Sitting on third base in the sixth inning when Jhonny Peralta sent a ground ball to Dustin Pedroia at second, Prince Fielder tried to use his baseball senses.
Fielder knew Victor Martinez was at first and saw him get hung up when Pedroia came up with the ball.
With Peralta racing down the first base line, Fielder’s instincts told him to do what he could to keep one out from turning into two.
He ended up making the situation messier than he intended.
Pedroia managed to tag Martinez, even with Martinez dancing out of the base path, then he zeroed in on Fielder, dangling between third and home.
“I was trying to keep us out of the double play and once I saw Pedroia tag him, I kind of got stuck there,” Fielder said following Game 6 Saturday.
Pedroia fired the ball to catcher Jarrod Saltalamacchia, and Fielder — too far from third to retreat quickly and too far from home to make a run for it — took a deep breath.
He hopped up and down, like a fighter in his corner, trying to bait Saltalamacchia into making a bad decision.
All Saltalamacchia did was run straight at Fielder.
Fielder tried to turn and dive for the bag at third, but ended up belly-flopping into the dirt, on an island by himself.
Feet from the bag, Saltalamacchia landed on top of him.
“It was a double play anyway,” Fielder said.
After a 5-2 loss that ended the Tigers’ season and sent the Red Sox to their first World Series since 2007, the play was weirdly symbolic of a painfully futile series for Fielder.
“Basically, that’s a play where you [assume Pedroia will] just go and make the throw to the plate,” Tigers manager Jim Leyland said. “But once again, collectively we just didn’t do good enough.”
Fielder finished the American League Championship Series 4 for 22, adding another chapter to his postseason struggles since joining the Tigers in 2012.
“It was frustrating just because we lost,” Fielder said. “If we would’ve won, it would’ve been all right. But we lost, so it’s definitely frustrating.”
More disappointing than anything was suffering through a postseason power outage after hitting 25 homers in the regular season.
His only extra-base hit of the series was a double in Game 2. He went 0 for 3 in the finale.
Asked if it was the Sox pitching, the shift they used against him, or his own bat going cold, Fielder said, “You pick one.”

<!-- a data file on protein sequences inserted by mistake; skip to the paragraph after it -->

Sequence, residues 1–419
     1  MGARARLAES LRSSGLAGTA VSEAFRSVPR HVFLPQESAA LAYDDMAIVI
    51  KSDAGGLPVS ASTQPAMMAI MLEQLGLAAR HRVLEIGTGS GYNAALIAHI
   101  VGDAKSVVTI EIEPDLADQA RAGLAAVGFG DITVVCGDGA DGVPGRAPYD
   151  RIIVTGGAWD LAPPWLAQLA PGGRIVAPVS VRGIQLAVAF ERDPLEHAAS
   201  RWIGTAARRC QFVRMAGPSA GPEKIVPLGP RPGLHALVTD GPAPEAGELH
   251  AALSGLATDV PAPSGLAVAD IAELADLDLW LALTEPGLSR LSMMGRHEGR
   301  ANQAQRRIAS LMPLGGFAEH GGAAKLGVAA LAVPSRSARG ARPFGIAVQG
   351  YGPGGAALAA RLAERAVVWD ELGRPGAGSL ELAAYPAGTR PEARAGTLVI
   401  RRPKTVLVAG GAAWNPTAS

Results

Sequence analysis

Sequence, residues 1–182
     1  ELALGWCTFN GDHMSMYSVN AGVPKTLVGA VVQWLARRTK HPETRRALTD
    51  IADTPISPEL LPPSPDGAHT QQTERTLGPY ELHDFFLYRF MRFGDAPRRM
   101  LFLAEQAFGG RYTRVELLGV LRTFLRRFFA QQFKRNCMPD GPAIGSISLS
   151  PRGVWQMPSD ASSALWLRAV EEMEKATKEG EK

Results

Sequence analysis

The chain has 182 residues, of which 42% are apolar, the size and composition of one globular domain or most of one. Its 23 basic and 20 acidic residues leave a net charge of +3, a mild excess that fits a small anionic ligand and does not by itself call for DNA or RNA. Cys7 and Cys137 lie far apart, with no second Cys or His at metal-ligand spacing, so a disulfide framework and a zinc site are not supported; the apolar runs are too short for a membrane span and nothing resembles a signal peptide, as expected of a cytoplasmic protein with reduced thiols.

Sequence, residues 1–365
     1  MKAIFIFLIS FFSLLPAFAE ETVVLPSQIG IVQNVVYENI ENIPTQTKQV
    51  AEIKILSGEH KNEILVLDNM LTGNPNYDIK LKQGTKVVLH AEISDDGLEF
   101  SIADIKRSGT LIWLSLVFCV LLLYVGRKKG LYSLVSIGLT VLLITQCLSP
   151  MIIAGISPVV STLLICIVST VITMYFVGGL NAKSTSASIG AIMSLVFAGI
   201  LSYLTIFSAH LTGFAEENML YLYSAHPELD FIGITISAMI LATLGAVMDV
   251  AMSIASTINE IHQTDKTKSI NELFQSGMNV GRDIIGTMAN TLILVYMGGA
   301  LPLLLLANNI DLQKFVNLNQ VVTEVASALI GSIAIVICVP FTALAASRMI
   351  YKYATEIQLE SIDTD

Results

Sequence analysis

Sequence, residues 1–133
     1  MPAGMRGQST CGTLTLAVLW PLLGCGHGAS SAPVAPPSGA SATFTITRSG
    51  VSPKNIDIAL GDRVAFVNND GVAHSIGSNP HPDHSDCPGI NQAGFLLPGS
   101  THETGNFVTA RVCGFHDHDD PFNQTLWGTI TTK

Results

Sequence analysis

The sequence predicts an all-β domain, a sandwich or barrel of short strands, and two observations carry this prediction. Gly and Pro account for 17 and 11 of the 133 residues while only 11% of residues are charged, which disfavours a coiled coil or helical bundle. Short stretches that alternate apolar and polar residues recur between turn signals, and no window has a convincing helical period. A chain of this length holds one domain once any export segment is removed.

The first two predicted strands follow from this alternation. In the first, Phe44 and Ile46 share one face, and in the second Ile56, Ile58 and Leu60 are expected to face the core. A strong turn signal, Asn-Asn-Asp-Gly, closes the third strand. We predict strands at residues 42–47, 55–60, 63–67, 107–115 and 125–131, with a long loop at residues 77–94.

But he admitted that things change for him in the playoffs. He is 18 for 92 (.196) in five playoff series for the Tigers, with one home run.
“It’s definitely different,” he said. “They’re not going to just let you beat them. So you’ve just got to go up there and do the best you can.”
His lack of production drew boos from his hometown crowd at Comerica Park in Game 5, but Fielder brushed it off.
He said he would do the same in the offseason.
“You’ve got to be a man about it,” Fielder said. “I’ve got kids. If I’m sitting around pouting, how am I going to tell them to keep their chins up or keep their heads up when something doesn’t go their way. So yeah, definitely, it’s over.”
If he had his way, Leyland would have preferred to see the Miguel Cabrera that won the Triple Crown in 2012 on the field this postseason.
Not just because the Tigers returned to Boston needing wins in the final two games to advance.
But because the version of Cabrera that was limited to just one extra-base hit all series, labored both in the field and on the base paths because of injuries to his hip, groin, and abdominal, wasn’t the real one.
“It breaks your heart as a manager,” said Leyland before Game 6.
“It’s really a shame, to be honest with you, for the whole baseball world because they’re not getting a chance to see him at his best. This time of year, people are turning on the TV, they love to see these guys.
“Obviously I think he’s the best player in the league. To not be able to see him at his best because of a physical ailment, it hurts a little bit, but that’s just the way it is, and you live with it.”
Cabrera drove in four of Detroit’s 18 runs and finished with a .273 average and one homer.
“There is definitely a difference,” Red Sox catcher Jarron Jarrod Saltalamacchia said Friday.
“You can see it in the way he plays and the way he drives the ball. He’s a guy who can drive it out anywhere in the ballpark, so when you see him flying out to the warning track in right or not getting to that fastball, you know there’s something there.”
Even with the injuries nagging him, Cabrera sat out just 14 regular-season games, the most since his first full season in 2004.
Julian Benbow can be reached at email@example.com.